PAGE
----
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Who doesn’t like a freebie, from the packet of Haribo sweets included in my Wiggle order, to free Wi-Fi at the coffee shop?
An experiment In Dan Ariely’s book, “Predictably Irrational,” illustrates this brilliantly. Participants were asked to decide between spending 26 cents on a luxury Lindt chocolate truffle or spending one cent on a lower-quality Hershey’s chocolate kiss. Those running the experiment observed an even split of choice.
However, when the prices of both items were lowered by one cent the choice distribution changed heavily. The price difference between the two chocolates was identical, but the lower-value option had become free. The addition of a “free” item meant the vast majority of participants now selected the Hershey’s kiss and demonstrated the appeal of “free”
The hidden costs of “free”
Free stuff is often irresistible, but it normally comes with hidden costs. I suspect the same is true in so many industries. Hospitality, for example, have battled with the demand for free WiFi – it’s just something we all expect now, isn’t it?
The price I pay for a cup of coffee should include heat, electricity to charge my phone and of course WiFi to jump online. The fact is that none of these things are actually free – the cost to produce a cup of coffee is about 20 pence, but we are happy to pay around £3, which basically means these ‘free’ services are just part of the price.
Due to them being free (just like the chocolate selection), we are often prepared to forgo quality and control. Now, when it comes to chocolate that’s no major risk, but when it comes to providing internet in your office space, going for the free option carries a huge risk…
Free fibre internet for office space
The tag line pitched to landlords to “Connect Your Space with Free Fibre” is becoming more prevalent and on the face of it feels like a good deal, at least for the landlord. From their perspective, the space is connected and the hassle of providing instantly available internet for new tenants is gone.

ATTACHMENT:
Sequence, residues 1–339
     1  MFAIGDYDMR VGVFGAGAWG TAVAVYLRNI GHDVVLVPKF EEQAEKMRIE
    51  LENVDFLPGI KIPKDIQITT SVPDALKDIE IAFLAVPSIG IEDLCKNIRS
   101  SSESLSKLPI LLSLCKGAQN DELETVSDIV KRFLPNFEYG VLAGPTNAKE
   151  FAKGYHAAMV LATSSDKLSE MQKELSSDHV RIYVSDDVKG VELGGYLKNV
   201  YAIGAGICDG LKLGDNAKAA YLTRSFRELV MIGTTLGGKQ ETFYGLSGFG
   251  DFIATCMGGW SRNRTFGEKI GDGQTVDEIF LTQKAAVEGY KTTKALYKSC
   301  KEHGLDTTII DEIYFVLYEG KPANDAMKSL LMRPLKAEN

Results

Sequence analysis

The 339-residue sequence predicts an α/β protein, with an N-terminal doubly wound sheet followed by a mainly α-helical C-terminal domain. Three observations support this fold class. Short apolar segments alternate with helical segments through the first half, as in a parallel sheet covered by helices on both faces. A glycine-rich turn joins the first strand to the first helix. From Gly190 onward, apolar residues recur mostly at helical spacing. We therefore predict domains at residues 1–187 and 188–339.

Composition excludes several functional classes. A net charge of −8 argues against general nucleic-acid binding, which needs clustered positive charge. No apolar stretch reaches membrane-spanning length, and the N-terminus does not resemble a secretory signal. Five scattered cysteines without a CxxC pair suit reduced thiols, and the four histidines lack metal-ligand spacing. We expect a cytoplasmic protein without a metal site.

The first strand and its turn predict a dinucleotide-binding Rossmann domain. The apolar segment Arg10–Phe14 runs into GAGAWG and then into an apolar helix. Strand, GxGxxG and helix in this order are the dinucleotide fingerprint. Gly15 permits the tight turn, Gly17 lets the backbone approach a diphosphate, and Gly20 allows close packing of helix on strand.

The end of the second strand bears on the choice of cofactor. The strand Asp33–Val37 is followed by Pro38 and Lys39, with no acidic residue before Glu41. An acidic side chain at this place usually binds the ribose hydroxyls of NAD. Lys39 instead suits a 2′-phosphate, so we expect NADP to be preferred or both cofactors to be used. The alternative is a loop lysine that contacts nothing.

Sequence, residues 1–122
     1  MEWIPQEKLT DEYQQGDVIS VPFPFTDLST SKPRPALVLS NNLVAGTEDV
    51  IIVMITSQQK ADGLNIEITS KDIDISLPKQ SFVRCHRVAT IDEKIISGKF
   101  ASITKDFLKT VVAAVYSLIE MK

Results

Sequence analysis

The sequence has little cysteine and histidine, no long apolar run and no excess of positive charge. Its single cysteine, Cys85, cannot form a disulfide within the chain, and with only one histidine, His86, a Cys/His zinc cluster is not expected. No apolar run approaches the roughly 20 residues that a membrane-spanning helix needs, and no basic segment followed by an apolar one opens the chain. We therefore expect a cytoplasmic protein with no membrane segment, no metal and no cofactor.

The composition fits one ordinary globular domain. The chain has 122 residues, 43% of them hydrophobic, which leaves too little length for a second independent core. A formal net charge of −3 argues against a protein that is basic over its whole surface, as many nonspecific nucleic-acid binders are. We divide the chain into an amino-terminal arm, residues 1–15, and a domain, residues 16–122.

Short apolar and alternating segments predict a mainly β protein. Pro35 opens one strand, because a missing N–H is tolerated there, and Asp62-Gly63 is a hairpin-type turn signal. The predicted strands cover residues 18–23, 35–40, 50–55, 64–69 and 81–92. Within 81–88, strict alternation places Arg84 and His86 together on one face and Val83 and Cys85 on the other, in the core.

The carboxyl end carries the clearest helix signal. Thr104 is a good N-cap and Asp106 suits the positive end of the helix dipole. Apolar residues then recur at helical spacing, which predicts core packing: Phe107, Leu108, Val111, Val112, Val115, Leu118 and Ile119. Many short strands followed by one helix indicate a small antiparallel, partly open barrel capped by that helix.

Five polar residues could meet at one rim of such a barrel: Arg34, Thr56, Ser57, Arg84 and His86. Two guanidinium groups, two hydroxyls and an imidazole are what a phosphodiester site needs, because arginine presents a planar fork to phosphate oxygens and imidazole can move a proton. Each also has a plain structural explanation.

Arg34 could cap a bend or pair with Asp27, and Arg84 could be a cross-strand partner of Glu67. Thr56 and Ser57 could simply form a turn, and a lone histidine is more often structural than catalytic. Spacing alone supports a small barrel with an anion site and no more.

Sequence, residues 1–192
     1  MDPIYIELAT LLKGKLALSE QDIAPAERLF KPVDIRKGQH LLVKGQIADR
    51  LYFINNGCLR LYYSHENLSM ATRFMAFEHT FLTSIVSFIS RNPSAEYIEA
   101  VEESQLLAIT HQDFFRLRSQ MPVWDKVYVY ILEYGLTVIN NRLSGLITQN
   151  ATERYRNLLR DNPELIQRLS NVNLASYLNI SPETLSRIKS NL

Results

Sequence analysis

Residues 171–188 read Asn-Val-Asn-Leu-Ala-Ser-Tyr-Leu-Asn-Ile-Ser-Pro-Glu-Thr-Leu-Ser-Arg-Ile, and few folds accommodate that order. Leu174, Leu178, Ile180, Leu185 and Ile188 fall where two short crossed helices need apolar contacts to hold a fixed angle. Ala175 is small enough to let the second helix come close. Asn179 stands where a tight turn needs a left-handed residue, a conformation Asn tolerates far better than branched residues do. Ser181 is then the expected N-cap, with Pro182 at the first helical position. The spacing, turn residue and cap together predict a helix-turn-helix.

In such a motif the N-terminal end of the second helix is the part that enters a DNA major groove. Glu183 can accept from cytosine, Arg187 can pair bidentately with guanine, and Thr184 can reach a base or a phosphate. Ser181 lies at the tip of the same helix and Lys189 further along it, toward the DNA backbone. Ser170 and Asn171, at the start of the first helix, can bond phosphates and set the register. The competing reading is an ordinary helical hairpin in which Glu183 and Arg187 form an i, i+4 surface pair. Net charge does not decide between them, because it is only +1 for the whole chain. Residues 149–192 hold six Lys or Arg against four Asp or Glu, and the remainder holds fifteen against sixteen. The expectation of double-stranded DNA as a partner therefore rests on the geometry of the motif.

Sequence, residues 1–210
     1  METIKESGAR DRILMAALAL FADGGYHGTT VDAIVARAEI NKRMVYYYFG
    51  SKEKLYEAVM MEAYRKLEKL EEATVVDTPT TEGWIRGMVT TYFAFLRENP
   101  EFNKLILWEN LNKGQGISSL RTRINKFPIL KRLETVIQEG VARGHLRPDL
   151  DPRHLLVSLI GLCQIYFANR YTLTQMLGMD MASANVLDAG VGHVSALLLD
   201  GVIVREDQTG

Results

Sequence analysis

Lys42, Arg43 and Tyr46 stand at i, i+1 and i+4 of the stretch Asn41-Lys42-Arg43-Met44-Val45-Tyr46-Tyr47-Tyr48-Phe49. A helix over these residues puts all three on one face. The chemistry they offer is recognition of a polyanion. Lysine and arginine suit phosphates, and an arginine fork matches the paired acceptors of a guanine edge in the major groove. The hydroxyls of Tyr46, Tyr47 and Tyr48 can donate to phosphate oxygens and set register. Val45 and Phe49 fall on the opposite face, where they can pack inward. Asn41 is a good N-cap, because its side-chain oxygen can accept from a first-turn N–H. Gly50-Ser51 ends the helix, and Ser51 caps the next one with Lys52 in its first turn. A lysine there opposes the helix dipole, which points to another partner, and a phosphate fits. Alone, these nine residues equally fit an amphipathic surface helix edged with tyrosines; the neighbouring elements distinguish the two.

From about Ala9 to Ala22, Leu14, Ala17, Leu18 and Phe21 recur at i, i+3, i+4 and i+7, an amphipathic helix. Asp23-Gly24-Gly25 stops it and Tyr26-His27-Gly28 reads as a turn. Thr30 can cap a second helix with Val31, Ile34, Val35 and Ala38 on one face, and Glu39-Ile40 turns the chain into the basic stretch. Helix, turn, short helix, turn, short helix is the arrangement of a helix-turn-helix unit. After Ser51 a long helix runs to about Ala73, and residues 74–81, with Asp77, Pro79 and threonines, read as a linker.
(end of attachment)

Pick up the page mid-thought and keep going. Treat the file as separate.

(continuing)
But the truth is that the hassle really isn’t gone. The whole point of providing these services is to get happy tenants in quickly. Happy tenants are not going to fuss about the rent and that’s the business landlords are in, to sell square footage.
Free fibre internet means a loss of control for landlords
Unfortunately, free to Landlord internet services means a loss of control for the Landlord over the quality of internet services that their tenants receive and what they will pay for it. A loss of control over a mission-critical service for them running their building and for their tenants doing business.
This is not the only downside to ‘free’ fibre. The truth is that someone will pay for the ‘free’ and that’s going to be your tenant, most likely through high prices and possibly a substandard service. It’s not just your tenant that will pay, internet is so mission critical that they are bound to complain and ultimately apply the pressure and cost back onto you as the Landlord.
A viable alternative to free fibre
So, that “Connect Your Space with Free Fibre” message isn’t looking quite so attractive now, is it?
The alternative for Landlords is to invest a little upfront in a quality internet solution for their buildings, still ensuring that every office is internet-ready, but putting themselves in control of the service quality and ensuring that their tenants receive a fair deal. They may even make a small profit on the offering.
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